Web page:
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The BBC's Rebecca Pike
"It was the end- not the begining, of the Hi-Tech honeymoon"
 real 28k

Friday, 29 December, 2000, 15:58 GMT
Stock markets see red over 2000
London Stock Exchange
It has been a turbulent year for stocks and shares
The year 2000 is set to be the worst in a decade for many stockmarket investors, with all the world's leading share indexes ending the year with hefty losses.

The past 12 months are likely to go down as one of the markets' most volatile times on record, and the biggest losers of the year are technology shares.

The mother of all tech markets, the Nasdaq, registered a 39.28% drop of its composite index this year. The index closed 3.41% lower on Friday to 2,471.30.

Its more staid rival, the Dow Jones index, closed 0.75 lower on the day to 10,786.85 and about 6.2% lower on the year.

In London, the FTSE 100 share index closed at 6,222.5 points - a loss of 10.2% over the past 12 months.

It is the first time since 1994 for the index to end the year with a loss, and only the third time since it was first compiled in 1984.

Germany's Dax index dropped 7.5% over the year.

Another poor performer was Tokyo's Nikkei index, which closed with a 27.2% loss on the year - and a massive 34% drop from the highs reached in March.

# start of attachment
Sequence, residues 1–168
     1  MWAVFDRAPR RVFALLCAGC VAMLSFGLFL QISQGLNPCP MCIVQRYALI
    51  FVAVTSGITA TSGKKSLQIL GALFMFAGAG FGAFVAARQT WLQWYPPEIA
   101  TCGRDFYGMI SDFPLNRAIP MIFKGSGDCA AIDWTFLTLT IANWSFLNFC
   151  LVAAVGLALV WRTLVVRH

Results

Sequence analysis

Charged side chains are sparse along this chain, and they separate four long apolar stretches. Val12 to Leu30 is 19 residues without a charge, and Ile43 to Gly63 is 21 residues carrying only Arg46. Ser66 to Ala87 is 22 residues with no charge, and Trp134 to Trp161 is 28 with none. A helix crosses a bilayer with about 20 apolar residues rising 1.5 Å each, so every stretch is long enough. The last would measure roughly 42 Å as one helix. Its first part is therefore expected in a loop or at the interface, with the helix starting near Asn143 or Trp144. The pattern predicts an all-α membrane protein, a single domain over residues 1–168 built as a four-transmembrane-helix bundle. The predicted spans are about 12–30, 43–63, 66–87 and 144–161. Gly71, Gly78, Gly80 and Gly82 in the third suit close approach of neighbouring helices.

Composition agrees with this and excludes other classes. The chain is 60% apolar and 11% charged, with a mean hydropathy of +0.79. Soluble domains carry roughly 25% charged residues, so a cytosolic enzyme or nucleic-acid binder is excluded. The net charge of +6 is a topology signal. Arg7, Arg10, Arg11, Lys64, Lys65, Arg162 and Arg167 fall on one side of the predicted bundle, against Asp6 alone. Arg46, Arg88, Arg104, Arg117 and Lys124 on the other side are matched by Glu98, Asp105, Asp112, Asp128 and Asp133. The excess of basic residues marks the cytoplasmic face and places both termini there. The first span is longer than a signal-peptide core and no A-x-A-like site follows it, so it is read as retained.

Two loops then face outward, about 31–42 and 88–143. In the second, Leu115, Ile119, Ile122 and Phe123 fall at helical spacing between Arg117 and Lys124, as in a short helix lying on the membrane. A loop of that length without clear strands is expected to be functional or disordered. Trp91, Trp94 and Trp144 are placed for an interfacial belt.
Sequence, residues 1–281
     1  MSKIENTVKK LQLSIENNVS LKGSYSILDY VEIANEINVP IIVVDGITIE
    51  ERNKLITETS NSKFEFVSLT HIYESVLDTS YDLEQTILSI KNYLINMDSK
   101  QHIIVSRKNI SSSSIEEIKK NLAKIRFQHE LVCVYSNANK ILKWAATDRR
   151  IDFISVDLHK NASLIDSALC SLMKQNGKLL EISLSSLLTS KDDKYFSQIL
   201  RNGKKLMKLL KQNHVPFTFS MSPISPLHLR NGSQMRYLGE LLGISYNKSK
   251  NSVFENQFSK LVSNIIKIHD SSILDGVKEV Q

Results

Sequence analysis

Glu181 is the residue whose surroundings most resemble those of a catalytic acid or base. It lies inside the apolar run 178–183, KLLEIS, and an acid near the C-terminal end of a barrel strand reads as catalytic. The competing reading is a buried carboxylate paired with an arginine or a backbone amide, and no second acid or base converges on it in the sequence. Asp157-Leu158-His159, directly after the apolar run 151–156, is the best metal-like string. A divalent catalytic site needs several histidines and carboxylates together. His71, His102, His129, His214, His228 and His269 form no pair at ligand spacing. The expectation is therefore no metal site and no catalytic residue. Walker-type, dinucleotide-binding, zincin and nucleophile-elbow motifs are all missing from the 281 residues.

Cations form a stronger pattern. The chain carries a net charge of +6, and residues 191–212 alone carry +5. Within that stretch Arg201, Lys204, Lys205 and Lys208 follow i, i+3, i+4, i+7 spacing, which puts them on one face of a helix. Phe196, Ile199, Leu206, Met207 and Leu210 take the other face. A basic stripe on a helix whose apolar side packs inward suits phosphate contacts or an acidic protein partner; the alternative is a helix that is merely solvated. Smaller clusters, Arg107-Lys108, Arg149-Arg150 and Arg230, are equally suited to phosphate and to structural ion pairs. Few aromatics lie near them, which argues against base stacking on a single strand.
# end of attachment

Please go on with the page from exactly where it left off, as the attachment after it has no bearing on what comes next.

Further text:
The last time that the Tokyo stock exchange recorded an annual loss was 1990, the year Japan's economic bubble burst and property prices collapsed.

France's Cac-40 index was a rare exception - still losing on the year, but just half a percent.

The winners

But there are a few surprise winners. The best performer was the Chinese stockmarket, gaining a whopping 136% - albeit from a very low base.

The number two, with an 11% gain, was the Irish Stock Exchange in Dublin, followed by the number three, the Swiss stock market.

Long-term investment

However, the dramatic losses of the year 2000 compare with equally astounding gains a year earlier.

The Nasdaq, for example, added 85% in value during 1999.

Investors who bought shares two years ago are likely to have come out ahead.

Those who jumped into the markets just before they peaked during the first quarter of this year must decide whether they want to cut their losses and bail out, or whether they hope to make them up in the long-term.

Telecoms, media and technology

Around the world, so-called TMT shares - telecom, media and technology - were worst hit.

A stark example of the decline is British Telecom, which saw its shares lose more than half their value.

It has not been a steady slide, as there have been wild swings in the index in one of the London Stock Exchange's most volatile trading years yet recorded.

For the year 2000, investors would have been better off putting their money in a savings account, but financial advisors say they should not panic.

They say shares should be seen as a long-term investment, and investment banks are already predicting that 2001 will be a much more lucrative year on the markets.

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See also:

05 Dec 00 | Business
Blue chip index sheds tech stocks
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